The changing face of Harlem through the eyes of photographers on show now at the Smithsonian American Art Museum

93 works by 10 photographers track the evolution of this New York neighbourhood

Camilo José Vergara’s 1980 photograph of 65 East 125th Street, Harlem (Photo © Vergara)

The exhibition Down These Mean Streets: Community and Place in Urban Photography at the Smithsonian American Art Museum in Washington, DC (12 May-6 August), includes 93 works by ten photographers who have focused on urban scenes. One of them, the Chilean-born and New York-based photographer Camilo José Vergara, chronicles the “shifting fate of urban communities across the US”, says E. Carmen Ramos, the exhibition’s curator. Vergara’s time-lapse work 65 East 125th Street, Harlem, which he shot in 1977, 1980 and 2001, depicts a storefront that was “once the Purple Manor, a thriving jazz venue in this historic African-American neighbourhood”, Ramos says. The work shows the “slow erosion of the past and the resourcefulness of residents and business owners during periods of economic decline, tracking how gentrification and globalisation were changing Harlem”, Ramos says.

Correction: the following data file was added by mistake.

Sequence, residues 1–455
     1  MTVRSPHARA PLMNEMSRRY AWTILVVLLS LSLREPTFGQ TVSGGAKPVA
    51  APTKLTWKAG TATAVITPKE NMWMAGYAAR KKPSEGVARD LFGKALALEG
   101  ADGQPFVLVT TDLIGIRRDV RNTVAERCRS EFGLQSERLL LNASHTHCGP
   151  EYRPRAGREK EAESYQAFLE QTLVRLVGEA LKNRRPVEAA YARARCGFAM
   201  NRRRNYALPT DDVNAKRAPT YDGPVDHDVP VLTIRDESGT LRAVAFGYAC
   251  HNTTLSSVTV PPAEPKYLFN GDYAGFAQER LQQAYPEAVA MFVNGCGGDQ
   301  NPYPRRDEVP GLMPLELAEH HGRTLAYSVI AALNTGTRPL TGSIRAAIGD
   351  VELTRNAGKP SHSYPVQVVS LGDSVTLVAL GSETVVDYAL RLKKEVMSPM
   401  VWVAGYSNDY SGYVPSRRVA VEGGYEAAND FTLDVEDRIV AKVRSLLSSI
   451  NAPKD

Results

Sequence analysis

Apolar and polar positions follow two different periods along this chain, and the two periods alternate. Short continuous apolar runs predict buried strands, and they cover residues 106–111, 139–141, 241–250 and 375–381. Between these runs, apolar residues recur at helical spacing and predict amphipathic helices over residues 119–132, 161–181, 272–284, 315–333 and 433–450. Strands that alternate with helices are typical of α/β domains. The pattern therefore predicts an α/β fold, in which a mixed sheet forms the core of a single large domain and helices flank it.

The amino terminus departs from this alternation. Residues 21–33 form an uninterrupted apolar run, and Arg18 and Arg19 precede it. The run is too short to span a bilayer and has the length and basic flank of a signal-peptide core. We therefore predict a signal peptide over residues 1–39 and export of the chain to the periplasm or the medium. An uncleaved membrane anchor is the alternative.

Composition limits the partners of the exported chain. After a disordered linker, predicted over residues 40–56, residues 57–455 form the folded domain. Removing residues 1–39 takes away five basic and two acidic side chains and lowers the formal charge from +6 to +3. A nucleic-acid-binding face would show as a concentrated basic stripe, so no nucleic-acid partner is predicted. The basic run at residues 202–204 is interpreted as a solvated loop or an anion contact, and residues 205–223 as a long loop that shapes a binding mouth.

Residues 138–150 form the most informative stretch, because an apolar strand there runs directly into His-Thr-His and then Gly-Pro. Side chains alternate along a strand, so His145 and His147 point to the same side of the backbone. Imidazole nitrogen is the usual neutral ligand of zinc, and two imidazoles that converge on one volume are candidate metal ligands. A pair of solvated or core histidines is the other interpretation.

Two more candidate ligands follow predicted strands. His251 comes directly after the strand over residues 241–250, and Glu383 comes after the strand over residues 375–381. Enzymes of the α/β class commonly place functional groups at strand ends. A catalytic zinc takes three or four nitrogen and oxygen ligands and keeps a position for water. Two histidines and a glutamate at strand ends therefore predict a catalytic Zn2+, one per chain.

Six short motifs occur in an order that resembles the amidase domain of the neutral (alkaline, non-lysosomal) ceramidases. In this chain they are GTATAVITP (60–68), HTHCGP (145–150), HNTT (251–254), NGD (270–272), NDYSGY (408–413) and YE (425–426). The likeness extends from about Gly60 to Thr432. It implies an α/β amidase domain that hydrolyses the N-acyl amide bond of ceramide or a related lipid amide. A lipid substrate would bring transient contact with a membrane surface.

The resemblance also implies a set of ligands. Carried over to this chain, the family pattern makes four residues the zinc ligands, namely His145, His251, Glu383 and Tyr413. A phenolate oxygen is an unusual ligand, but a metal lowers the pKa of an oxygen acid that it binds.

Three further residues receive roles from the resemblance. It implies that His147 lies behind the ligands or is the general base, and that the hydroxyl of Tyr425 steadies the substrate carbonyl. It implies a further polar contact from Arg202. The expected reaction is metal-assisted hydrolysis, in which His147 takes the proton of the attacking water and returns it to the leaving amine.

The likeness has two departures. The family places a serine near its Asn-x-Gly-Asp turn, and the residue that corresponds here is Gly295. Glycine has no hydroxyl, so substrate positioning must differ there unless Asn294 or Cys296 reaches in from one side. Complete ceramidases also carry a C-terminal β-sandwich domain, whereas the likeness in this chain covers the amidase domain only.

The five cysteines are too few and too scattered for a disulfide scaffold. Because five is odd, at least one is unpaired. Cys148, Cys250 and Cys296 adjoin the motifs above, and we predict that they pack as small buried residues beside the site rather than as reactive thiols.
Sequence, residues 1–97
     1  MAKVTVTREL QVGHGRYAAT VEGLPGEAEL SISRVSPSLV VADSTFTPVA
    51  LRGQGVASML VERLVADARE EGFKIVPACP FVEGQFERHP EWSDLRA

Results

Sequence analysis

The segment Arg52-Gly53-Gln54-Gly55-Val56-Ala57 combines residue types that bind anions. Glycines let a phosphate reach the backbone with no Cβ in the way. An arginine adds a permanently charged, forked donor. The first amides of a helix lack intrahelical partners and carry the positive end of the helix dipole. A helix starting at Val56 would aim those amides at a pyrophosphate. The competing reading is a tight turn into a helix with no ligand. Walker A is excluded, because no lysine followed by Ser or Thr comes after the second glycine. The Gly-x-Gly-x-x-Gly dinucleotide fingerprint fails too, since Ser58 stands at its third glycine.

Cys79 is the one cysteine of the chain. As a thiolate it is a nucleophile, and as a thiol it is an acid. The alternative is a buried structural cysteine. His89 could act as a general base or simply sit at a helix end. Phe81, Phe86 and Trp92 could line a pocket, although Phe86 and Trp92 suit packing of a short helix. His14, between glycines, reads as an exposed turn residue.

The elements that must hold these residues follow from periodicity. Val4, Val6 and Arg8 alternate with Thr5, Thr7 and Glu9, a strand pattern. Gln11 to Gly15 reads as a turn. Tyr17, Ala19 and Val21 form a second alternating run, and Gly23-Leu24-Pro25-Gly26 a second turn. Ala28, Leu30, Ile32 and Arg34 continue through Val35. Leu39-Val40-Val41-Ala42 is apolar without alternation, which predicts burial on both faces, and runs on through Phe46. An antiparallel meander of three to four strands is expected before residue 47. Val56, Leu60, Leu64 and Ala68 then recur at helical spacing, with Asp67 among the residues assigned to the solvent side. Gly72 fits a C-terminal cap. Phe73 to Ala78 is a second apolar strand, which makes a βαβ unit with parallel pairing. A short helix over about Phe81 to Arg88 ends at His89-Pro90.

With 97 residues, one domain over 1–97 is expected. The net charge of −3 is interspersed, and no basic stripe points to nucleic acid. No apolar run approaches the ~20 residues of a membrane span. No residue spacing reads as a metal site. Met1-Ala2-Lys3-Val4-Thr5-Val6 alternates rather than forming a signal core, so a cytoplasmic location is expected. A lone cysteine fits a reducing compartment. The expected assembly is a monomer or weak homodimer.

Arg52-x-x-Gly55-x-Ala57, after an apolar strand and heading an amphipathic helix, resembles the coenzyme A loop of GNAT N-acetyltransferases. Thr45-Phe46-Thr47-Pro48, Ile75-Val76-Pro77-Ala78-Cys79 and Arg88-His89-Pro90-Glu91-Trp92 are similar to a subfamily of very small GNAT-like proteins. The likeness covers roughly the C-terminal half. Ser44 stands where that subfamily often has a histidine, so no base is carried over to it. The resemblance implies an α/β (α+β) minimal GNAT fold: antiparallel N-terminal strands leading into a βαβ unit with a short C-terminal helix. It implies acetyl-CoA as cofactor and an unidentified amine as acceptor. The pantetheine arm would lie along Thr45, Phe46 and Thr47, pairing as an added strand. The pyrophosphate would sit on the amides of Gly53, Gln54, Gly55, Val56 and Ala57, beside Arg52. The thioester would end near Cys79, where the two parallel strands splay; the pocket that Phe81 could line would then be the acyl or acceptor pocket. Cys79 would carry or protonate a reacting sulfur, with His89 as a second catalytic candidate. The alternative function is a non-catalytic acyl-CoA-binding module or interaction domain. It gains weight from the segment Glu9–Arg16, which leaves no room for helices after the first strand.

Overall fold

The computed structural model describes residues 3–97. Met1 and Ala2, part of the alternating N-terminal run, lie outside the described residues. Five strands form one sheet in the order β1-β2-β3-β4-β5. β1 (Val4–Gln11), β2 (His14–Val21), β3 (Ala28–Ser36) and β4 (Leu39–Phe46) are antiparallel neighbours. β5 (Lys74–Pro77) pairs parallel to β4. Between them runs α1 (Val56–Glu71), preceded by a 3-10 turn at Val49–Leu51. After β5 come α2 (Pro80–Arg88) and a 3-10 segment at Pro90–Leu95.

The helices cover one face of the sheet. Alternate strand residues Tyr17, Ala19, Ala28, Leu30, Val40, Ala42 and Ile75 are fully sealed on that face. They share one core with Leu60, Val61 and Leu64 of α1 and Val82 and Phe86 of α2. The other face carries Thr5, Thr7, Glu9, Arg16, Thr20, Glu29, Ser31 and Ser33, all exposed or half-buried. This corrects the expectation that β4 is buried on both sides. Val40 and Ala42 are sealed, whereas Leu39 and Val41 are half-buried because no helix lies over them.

Originally appeared in The Art Newspaper as 'The changing face of Harlem'

Appeared in The Art Newspaper Archive, May 2017